Change the following details if needed (see the parts in red in above code):Code:<?xml version="1.0" encoding="utf-8"?> <unattend xmlns="urn:schemas-microsoft-com:unattend"> <settings pass="oobeSystem"> <component name="Microsoft-Windows-Shell-Setup" processorArchitecture="amd64" publicKeyToken="31bf3856ad364e35" language="neutral" versionScope="nonSxS" xmlns:wcm="http://schemas.microsoft.com/WMIConfig/2002/State" xmlns:xsi="http://www.w3.org/2001/XMLSchema-instance"> <FolderLocations> <ProfilesDirectory>D:\Users</ProfilesDirectory> </FolderLocations> </component> </settings> <cpi:offlineImage cpi:source="wim:E:\sources\install.wim#Windows 10 Pro" xmlns:cpi="urn:schemas-microsoft-com:cpi" /> </unattend>
- Line 4: The value of variable ProcessorArchitecture must be amd64 if you are installing a 64 bit Windows regardless of if you have an Intel or AMD processor, and x86 if you are installing a 32 bit Windows
- Line 6: The value in ProfilesDirectory tags is the new location for the Users folder, in this example answer file it will be moved to D:\Users. Be sure that the drive into which you are relocating the Users folder is empty and does not contain any Windows system folders, especially Users folder or parts of it from a previous Windows installation
- Line 10: Change the location of Windows 10 install.wim file (CPI Source). In this example the Windows install media is on drive E:
- Following the install media location, separated with #, see that you have the Windows version correctly (Windows 10, Windows 10 Pro, Windows 10 Education or Windows 10 Enterprise). Notice that the installation media must be present when we continue with Sysprep!
WarningPlease read this before proceeding!
Windows "likes" to set the the drive ID letters like this:
- Drive C: > The system drive where Windows will be installed
- Drive D: > First optical drive (CD / DVD drive)
- Drive E: > Second partition on the same disk where the C: is located, or in case that disk only has one partition, the first partition on the secondary disk
Now when you sysprep telling it to move the Users to a specific drive, after the reboot Windows might find that intended target drive for Users folder has another drive ID letter and your intended drive D: is now E:. Sysprep fails and you have to reinstall.
To be sure you are able to use your chosen partition for the relocated Users folder you need to set the drive letters manually before the sysprep is run. In Audit Mode you can do this for instance with Disk Management by manually changing the drive letters. In below example I want to secure that Users folder will be moved to D drive:
- Change the optical drive letter to something at the end of the alphabet, I use X:
- Change the drive letter of the partition or disk you intend to use for the Users folder to D:
- If the partition or disk you want to use already has a letter D:, change it to something else, close the Disk Management, open it again and change the letter back to D:
See the tutorial at our sister site the Seven Forums: Drive Letter - Add, Change, or Remove in Windows - Windows 7 Help Forums
I recommend to always set drive letters manually to override the defaults.
Save the file as an XML file to root of any drive except C:. In this example I have already renamed my D: drive to User Profiles and save the answer file there as D:\relocate.xml:
3. Run Sysprep
Almost there! Press WIN + X, select Command Prompt (Admin). To ensure that WMP Network Sharing Service is stopped, give the following command:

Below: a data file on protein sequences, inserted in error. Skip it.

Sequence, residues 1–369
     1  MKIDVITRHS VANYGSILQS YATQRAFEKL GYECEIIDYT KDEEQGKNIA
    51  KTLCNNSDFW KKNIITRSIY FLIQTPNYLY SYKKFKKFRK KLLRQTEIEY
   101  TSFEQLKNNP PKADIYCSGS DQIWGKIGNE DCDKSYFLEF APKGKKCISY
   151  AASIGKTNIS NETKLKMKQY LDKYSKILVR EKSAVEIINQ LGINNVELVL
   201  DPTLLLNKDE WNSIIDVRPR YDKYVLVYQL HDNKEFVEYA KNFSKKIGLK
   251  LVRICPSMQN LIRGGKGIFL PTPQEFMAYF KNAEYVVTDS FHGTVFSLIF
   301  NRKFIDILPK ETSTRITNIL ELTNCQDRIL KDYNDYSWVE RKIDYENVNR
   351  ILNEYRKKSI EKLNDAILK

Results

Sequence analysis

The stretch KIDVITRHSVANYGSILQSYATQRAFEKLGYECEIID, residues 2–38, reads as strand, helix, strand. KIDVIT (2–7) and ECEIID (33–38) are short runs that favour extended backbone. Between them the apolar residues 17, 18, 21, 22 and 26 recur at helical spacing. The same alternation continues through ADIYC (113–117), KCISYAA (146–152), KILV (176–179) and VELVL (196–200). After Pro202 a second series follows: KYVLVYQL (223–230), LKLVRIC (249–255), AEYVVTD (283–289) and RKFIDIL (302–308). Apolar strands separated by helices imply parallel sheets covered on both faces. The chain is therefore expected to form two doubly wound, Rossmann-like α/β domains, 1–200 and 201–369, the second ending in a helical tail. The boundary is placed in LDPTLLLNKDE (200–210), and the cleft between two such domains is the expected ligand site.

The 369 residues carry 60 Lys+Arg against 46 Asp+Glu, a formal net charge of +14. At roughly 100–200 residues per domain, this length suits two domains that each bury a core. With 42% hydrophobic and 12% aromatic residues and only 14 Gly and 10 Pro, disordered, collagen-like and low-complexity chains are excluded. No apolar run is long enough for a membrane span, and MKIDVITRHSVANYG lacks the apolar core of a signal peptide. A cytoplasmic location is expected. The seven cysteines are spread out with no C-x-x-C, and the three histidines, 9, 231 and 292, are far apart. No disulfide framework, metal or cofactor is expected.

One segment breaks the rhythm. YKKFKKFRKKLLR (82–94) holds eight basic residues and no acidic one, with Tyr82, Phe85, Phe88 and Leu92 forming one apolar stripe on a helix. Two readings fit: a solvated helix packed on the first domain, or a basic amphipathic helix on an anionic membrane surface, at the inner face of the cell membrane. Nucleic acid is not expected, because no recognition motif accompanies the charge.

net stop wmpnetworksvc
The service is most probably not running but if it is, it will now be stopped. When this service is running, Sysprep fails.
Now the Sysprep command itself. Type the following:
%windir%\system32\sysprep\sysprep.exe /oobe /reboot /unattend:d:\relocate.xml
The above command tells system to run the Sysprep from Windows\System32\Sysprep folder reading instructions from the unattended answer file D:\relocate.xml, prepare the computer for an OOBE boot (OOBE = the first boot of newly installed Windows) and finally reboot when ready.
Hit Enter, you will see Sysprep starting to do its magic:
That's it. Windows runs now the OOBE First Run boot and you can continue from the installation tutorial step 12 where we left the installation in the beginning of this tutorial. When finally at Windows Desktop, you will notice that the main profile folder and your user account in it have been moved to drive D: (or any other drive you selected):
Method TwoRelocating Users folder on an existing Windows installation
Remember to create a system image before proceeding!
WarningIn Windows 10, this method might cause existing user accounts losing Start Menu and Search functionality. All new accounts will be OK.
There are two workarounds for the issue mentioned in above warning.
First. a simple workaround is to create a new user account for yourself after running the Sysprep to relocate the Users folder, make it an administrator account, then copy your data from the original user account to the new account, and finally delete the original account.
This video shows another workaround for this issue; simply disable existing accounts before sysprep is run then enable them when finished:
1. Create an unattended answer file
Create an answer file exactly as told above in Method One Step 2.
2. Run Sysprep
Run Sysprep exactly as told above in Method One Step 3.
3. OOBE Boot
Although you already had Windows 10 installed, after Sysprep the first run OOBE boot is always run. This means that Windows goes through the initial setup process. You continue now from step 12 in installation tutorial.
Two things to notice now:
- You don't have to enter the product key now even Windows will ask it. Entering it does no harm but if you want to save some key presses, you can simply click Skip button:
- Your original user accounts have not disappeared, everything is still there. However, the OOBE boot requires a user account to be created but if you try your existing account, local or Microsoft account, you get an error message: